CABOT -- Republican gubernatorial nominee Sarah Huckabee Sanders said Monday night that she plans to vote against the proposed constitutional amendment that would legalize recreational marijuana in Arkansas.
"I don't think that with the drug epidemic that we have across this state, frankly across the country, that adding and giving more access to that does anything to benefit Arkansas, so I certainly wouldn't be supportive of that," she told reporters.
Sanders' comments came after she appeared at a campaign event for the first time since she announced on Sept. 16 that she had surgery to remove her thyroid and surrounding lymph nodes after cancer was found in the area.
She spoke for about a dozen minutes before about 400 people at the Cabot Veterans Park Community Center.
After her remarks, she visited individually for nearly an hour with people, who stood in line to speak with her and had their pictures taken together.
Both Democratic gubernatorial nominee Chris Jones and Libertarian gubernatorial candidate Ricky Dale Harrington Jr. have said they plan to vote for the proposed constitutional amendment that would legalize recreational marijuana.
Jones said last month that "this initiative is a good first step toward Arkansas embracing a pragmatic cannabis policy."
Harrington said last month that "I do have issues with the Responsible Growth amendment, but I believe it is a step in the right direction."
On Sept. 22, the Arkansas Supreme Court overturned a decision by the state Board of Election Commissioners to pave the way for votes to be counted in the Nov. 8 general election on the Responsible Growth Arkansas' proposed constitutional amendment that would legalize recreational marijuana in Arkansas.
The proposed constitutional amendment would limit the sale of cannabis to people 21 or older and prohibit advertising and packaging designed to appeal to children. It would provide regulatory oversight by limiting the number of licensed businesses and would not allow homegrown cannabis. It also would limit the number of cannabis licenses to 20 cultivators and 120 dispensaries statewide, which includes existing medical marijuana licenses.
In 2016, Arkansas voters approved Amendment 98, the constitutional change that legalized cannabis for medical use. The first dispensaries in the state opened in 2019.
Asked about the proposed constitutional amendment that would allow the Legislature to call itself into special session, Sanders said Monday night that "I think that our Legislature spends a lot of time in session as it is.
"I think that a full-time Legislature is probably not the best thing for the state of Arkansas right now," she said.
Asked if that means she plans to vote against the proposed constitutional amendment in the Nov. 8 general election, "We'll see...," Sanders said. "I will tell you when I get there."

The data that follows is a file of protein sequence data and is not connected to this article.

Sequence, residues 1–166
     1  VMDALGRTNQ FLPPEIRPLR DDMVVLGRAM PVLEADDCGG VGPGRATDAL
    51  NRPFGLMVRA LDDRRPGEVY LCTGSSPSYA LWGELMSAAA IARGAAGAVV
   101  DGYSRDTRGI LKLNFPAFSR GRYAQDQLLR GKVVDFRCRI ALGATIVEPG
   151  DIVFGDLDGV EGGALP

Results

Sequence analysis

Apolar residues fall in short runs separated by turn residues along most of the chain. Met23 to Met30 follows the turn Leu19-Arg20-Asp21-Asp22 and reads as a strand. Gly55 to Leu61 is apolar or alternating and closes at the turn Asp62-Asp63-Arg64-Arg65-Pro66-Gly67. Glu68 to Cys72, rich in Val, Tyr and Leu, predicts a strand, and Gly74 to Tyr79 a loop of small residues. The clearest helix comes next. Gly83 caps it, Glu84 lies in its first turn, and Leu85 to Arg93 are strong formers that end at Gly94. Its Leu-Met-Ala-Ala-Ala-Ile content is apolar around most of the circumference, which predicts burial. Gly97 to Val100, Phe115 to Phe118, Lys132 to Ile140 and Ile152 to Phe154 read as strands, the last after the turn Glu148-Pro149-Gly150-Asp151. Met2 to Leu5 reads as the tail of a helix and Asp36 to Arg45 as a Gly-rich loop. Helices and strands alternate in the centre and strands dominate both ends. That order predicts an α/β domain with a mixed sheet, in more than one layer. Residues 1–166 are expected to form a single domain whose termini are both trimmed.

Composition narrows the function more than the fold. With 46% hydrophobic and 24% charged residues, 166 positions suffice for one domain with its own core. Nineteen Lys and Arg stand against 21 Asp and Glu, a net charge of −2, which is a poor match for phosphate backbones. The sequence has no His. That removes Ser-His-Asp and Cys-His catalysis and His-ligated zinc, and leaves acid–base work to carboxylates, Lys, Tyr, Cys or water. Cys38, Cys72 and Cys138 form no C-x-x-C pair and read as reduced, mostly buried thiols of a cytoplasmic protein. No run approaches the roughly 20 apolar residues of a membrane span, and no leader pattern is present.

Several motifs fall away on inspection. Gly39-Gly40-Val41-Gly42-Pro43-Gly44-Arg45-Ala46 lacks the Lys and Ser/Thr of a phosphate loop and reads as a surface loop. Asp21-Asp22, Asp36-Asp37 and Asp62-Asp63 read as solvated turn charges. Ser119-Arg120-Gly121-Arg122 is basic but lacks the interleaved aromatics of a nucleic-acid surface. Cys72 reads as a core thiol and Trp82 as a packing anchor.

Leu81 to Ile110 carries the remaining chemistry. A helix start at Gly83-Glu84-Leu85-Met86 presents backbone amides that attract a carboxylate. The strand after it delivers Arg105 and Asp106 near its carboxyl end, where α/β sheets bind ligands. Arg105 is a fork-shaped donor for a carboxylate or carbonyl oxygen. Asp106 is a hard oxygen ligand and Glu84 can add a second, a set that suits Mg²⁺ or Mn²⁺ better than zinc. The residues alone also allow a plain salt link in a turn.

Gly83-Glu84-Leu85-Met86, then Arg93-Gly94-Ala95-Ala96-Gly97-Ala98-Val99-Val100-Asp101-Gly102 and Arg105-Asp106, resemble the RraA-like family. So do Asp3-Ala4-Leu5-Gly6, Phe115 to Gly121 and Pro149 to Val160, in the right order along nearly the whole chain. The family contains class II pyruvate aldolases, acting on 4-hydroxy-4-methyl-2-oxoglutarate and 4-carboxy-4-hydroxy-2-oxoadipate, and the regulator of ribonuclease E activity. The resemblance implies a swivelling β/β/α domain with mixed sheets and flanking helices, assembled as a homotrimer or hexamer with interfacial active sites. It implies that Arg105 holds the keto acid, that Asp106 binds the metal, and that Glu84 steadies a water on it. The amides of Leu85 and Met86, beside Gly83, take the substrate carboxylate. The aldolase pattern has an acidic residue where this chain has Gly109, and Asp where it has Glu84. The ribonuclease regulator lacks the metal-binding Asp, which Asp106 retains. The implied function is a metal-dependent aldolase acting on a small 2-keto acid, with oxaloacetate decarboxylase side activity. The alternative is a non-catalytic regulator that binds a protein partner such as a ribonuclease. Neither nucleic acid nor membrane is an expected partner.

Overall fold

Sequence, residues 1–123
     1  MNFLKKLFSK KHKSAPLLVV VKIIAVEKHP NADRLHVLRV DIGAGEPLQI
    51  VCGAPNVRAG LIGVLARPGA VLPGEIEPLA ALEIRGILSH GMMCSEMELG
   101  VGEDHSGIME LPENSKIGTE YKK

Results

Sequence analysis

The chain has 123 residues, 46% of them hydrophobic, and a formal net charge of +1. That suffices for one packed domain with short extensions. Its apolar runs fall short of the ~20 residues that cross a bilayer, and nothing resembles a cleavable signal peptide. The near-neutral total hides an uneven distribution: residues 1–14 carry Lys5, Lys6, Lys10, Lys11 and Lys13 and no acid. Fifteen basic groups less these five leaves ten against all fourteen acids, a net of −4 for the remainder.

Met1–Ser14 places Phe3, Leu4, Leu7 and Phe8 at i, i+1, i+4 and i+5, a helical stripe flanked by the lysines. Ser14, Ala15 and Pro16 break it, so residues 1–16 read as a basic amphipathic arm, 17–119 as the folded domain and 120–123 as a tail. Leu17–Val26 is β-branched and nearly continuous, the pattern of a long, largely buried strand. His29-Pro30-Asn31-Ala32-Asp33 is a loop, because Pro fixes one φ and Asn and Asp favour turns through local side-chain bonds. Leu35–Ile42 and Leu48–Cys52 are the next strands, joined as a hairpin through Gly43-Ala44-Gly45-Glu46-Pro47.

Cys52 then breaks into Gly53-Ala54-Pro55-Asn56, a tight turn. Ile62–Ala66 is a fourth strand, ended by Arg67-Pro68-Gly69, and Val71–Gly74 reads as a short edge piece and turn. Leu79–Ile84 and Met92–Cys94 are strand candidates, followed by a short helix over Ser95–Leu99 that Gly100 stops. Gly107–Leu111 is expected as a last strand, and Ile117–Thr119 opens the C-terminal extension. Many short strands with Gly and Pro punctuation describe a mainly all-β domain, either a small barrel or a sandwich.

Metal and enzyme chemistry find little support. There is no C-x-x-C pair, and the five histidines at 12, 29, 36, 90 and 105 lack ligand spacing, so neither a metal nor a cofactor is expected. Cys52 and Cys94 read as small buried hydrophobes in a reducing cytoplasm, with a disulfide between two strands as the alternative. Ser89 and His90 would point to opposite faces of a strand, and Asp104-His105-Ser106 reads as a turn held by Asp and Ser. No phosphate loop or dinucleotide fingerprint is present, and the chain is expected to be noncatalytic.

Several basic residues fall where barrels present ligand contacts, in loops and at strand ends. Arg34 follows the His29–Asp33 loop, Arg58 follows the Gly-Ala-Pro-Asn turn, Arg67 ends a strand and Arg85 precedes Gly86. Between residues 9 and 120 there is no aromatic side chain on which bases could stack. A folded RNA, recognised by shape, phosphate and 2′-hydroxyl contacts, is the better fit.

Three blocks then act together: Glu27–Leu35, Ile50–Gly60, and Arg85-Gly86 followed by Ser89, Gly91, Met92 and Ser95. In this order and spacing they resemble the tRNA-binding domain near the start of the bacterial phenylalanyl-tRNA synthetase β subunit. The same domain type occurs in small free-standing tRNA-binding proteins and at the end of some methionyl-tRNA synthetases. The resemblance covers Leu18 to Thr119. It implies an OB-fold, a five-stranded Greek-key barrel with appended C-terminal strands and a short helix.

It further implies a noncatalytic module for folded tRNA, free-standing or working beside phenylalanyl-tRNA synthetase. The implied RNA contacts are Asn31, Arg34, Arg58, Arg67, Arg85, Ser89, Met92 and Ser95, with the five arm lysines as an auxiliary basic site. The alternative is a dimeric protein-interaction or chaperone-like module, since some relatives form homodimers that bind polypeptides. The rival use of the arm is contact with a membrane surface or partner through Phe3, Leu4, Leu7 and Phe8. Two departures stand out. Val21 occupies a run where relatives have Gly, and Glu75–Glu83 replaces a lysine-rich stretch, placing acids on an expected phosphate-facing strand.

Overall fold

Asked about the proposed constitutional amendment allowing the Legislature to call itself into special session, Jones said in a recent interview that he doesn't support it.
Sen. Breanne Davis, R-Russellville, proposed this constitutional amendment and the Legislature voted in the 2021 regular session to refer it to the 2022 general election ballot.
The proposed constitutional amendment would permit the General Assembly to convene in an extraordinary session by a joint written proclamation of the speaker of House and the Senate president pro tempore or by the submission of the signatures of two thirds of the members of the 35-member Senate and 100-member House of Representatives. Lawmakers would be required to state the reason for the special session, and once that purpose is accomplished, the session could be extended by up to 15 days by a two-thirds majority of both chambers.
Under current law, only the governor can call a special session and the governor sets the agenda for the session.
Asked about the proposed constitutional amendment that would require a 60% vote rather than a majority for voters to approve constitutional amendments and initiated acts, Sanders said that "the constitution is sacred and it should be hard to change it.
"The voters should have a say in that, but I think increasing that percentage is something that we should be supportive of across the board," she said, and she plans to vote for this proposed constitutional amendment.
But Jones said in a recent interview that this proposed constitutional amendment takes voices away from Arkansans.
State Rep. David Ray, R-Maumelle, proposed this constitutional amendment and the Legislature voted in the 2021 regular session to refer it to voters in the Nov. 8 general election.
Asked how she is feeling in the aftermath of her surgery, Sanders told reporters that "I feel great.
"It is wonderful to be back out on the campaign trail. I feel good and energized and looking forward to finishing strong over this last month," Sanders said.
Asked about her plans for the next week, she said, "I like to keep my foot on the gas pretty much at all times, so we are doing a mix like we normally do of different tours, meeting with people sometimes in bigger groups like this, and sometimes in smaller round table settings.
"But we are going to continue pushing hard all the way through Nov. 8," Sanders said.